Strike A Pose: voguing with the House of Suarez

Meet the founder of one of Britain's few voguing dance houses.

Video transcript

DARREN SUAREZ: Hi. My name is Darren Suarez. I am the housemother/father of the House of Suarez. Vogue is a dance style that was created in the US.

It is associated to Black and Latino gay men and it started roughly around early '80s. I came out one night and there was a group of people in the corner of the club. And then whenever a certain track came on, they'd just burst into these moves that didn't make sense to me. But they look incredible.

They look like you couldn't do them. Everyone in the club would stop and watch. It was just mesmerizing.

It seemed so beautiful and elegant and strong. For me, that blew me away, so I really fell in love with it. I wasn't a dancer but I just fell in love with something. And it didn't feel like you need to be a dancer to learn it.

It was more about the poise and about their presence in the space. So this is Ryan. Ryan is one of my principal dancers in the house. And he's just going to demonstrate a couple of the styles that we use within our house and how we create choreography.

So obviously, we've got a new way, which is all about lines and boxers. Very strong, very open, and the shoulders. Strong lines playing round with different variations and then rewinding or reversing some of the material.

Very Egyptian quite two dimensional in hieroglyphics. Then we have hand performance. Which is round, which is given the illusion that the hands are not really attached. And then we've got like goes around the body. So we can go around.

Around the face. Everything's about framing the face, giving it a kind of structure and a poise within the space. My name is Suarez. So I am the father of the House of Suarez or the mother if I want to get things done because the mother gets things done around the place.

If we go back to the history of it, the reason they were called houses was because back in America when the worst case scenario would to be Black and gay or Latino and gay, in society you were shunned, your parents disowned you. So a lot of these kids would turn to drugs, prostitution, or even worse probably get murdered.

It was such a narrative story that the older generation which sometimes would usually be drag Queens started looking at this and what could they do to turn this around because they were left by themselves. They decided to take over like small spaces, create like balls or pageants and these pageants would have categories that weren't so technically demanding, gave a platform for people to express themselves or to live an alter ego. And as these balls starts to evolve and become more popular, or became more dance driven, people got more money so more budget for costumes.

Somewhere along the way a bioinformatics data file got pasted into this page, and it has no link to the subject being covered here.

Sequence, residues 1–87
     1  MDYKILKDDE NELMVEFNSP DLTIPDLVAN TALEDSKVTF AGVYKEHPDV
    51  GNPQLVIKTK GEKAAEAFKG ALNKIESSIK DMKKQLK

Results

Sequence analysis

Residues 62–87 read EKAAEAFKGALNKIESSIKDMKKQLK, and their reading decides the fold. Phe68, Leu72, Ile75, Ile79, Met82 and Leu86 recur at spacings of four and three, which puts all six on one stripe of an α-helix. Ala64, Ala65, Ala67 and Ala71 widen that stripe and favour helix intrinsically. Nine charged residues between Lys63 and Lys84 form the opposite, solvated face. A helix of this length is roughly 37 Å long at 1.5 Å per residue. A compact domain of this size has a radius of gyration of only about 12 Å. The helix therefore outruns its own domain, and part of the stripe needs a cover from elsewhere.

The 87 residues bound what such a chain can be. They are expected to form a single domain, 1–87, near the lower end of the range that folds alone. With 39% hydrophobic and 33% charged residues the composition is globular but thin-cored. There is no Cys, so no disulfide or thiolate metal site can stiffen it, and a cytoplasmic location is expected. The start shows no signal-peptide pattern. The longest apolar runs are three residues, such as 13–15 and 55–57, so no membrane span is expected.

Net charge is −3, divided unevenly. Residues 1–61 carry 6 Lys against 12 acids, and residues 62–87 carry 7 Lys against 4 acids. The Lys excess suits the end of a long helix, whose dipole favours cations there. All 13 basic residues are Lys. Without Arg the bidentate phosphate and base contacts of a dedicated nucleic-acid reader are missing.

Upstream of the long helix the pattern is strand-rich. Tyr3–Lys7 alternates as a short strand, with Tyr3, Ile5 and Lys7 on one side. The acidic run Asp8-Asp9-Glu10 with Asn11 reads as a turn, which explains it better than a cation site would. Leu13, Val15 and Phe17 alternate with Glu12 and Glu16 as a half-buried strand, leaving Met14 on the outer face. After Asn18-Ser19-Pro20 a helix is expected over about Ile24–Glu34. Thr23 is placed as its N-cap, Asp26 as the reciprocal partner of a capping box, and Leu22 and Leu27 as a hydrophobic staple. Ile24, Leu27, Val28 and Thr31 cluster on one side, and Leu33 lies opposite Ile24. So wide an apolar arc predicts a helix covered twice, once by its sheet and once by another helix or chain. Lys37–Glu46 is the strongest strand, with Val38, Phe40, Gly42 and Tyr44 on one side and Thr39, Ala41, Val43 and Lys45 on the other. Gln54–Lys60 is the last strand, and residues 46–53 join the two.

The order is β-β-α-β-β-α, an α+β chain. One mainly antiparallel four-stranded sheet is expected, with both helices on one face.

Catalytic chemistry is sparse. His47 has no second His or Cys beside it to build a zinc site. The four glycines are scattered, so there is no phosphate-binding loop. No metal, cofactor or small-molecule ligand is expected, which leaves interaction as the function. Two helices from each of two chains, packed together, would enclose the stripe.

And then the drag Queens would see these kids take a handful of them. And maybe into their home and they would live within the house, hence why it would be the house. They would adopt the house mother's name.

When these kids were off the streets, they were able to get their heads together maybe find opportunities of work and employment. Learned life skills, learn how to grow up learn how to turn into an adult under the direction of their mother or their father at the house.

So when the kids started earning money, they pay into the house. So it was literally a new family and that's where it came from. As it's evolved, I don't have all my dancers living with me. They have their own boat, but what happens is I'm here for counsel for them. If they got issues that are outside, what we do is work or what we do is performance.

I hope and I feel that I've supported my daughters as they've grown into themselves. It's actually amazing to feel that you've got the trust of these people who are in your house but you still have to throw discipline and make sure that you're still pulling the house together, keeping its focus, being its voice.

I take my role very serious. I always try to make myself available to my daughters. I also get a lot of reward back from them because I also get, I get a lot of love back, I get a lot of support.

There's quite a lot of stuff online now and on television. You've obviously got "Pose", which is a nice rose colored version of what "Paris" has been, which is another documentary from 1990. It's really important to watch. We've got "How Do I Look," which is 10 years on of the ball culture that goes on in America in the US. You've got "RuPaul's Drag Race," which again taps into some of the vocabulary of it.

YouTube and TikTok and everything has gone crazy when it comes to vogue, and so even if you just wanted to put vogue houses in, you would come up with an array of different people.

Obviously, you could look into House of Suarez and look about what our statement is and what our mission statement is, but there's a globe there's a whole world of houses that have all got a different throughline of how they connect to their community. Everything is accessible now, especially with online.

We do have a laugh I do have to slam a little bit when they start going a little bit too much. As soon as I raise my voice once, they get it together and they create magic. Yeah, I'm very proud. I think they're proud to be part of it as well.

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